Who could blame us for wanting people to notice when we do something nice? But what if we keep our kindness private, shared only between us and the person we care about at that moment? That is something I would like to see.
When we appreciate the beauty of kindness, it takes us out of such self-centeredness; it enables us to let go of self-centeredness and to freely reach out to each other. We can both give and receive. Such egoless moments are exquisite!
We are angels on earth who touch and are touched. In a time of darkness, we can be the vehicle for light. Intuitively, every one of us wants to leave the world a better and brighter place. Those that died last week live in us and through us.
Sudden, deep feelings are often teachers that we resist or turn away from, because of their intensity. Instead, we are often asked to enter these deep feelings, the way we might enter a field after a long walk through the woods.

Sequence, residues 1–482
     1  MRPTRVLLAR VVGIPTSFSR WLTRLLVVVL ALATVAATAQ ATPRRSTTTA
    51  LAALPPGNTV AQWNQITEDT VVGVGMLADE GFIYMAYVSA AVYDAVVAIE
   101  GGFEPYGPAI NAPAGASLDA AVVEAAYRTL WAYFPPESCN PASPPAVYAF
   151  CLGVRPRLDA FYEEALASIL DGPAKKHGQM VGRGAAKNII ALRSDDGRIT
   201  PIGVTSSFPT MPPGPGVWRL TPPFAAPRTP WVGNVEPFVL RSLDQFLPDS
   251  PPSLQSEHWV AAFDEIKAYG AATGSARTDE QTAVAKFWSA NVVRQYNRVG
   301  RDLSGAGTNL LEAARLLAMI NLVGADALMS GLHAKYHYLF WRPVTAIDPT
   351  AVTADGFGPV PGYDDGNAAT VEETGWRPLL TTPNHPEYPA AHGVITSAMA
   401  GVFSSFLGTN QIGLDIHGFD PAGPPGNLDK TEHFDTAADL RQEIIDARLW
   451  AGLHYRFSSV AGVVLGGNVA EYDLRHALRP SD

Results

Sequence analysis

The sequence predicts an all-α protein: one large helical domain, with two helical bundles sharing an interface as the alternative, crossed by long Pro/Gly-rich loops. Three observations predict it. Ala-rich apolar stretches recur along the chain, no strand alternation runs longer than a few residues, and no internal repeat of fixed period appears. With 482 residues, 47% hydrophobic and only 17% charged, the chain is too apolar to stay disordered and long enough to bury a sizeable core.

How are we to understand a story like this? Does it tell us that acts of kindness and the gratitude they engender outlast decades and oceans and continents? Does it tell us that kindness, like the song of a red bird, will be answered long after the bird has died?
We humans have a tendency to grow and progress throughout our lives, some perhaps more than others. I am not the person I was in my teens, my 20s or even my 30s. I continue to progress just as my autistic daughter and my non-autistic son do.